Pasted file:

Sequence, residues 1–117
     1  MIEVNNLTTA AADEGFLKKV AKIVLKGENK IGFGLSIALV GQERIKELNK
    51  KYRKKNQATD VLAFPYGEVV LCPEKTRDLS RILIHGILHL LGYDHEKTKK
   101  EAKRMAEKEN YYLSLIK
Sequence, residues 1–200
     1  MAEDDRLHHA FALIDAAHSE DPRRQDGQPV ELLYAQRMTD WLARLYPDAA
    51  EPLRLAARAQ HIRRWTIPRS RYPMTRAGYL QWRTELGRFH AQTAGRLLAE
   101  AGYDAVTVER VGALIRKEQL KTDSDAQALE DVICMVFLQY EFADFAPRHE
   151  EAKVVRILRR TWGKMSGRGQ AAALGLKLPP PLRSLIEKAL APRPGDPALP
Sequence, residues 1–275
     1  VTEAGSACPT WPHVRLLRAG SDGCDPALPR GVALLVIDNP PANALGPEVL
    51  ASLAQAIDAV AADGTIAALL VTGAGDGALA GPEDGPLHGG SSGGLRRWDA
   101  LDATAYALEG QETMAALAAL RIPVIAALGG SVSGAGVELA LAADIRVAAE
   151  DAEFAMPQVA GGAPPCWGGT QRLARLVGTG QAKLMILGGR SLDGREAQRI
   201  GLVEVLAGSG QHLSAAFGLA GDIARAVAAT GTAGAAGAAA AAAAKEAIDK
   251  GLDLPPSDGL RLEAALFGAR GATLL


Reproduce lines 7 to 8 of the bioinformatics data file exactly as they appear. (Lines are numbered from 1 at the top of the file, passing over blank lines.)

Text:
    51  EPLRLAARAQ HIRRWTIPRS RYPMTRAGYL QWRTELGRFH AQTAGRLLAE
   101  AGYDAVTVER VGALIRKEQL KTDSDAQALE DVICMVFLQY EFADFAPRHE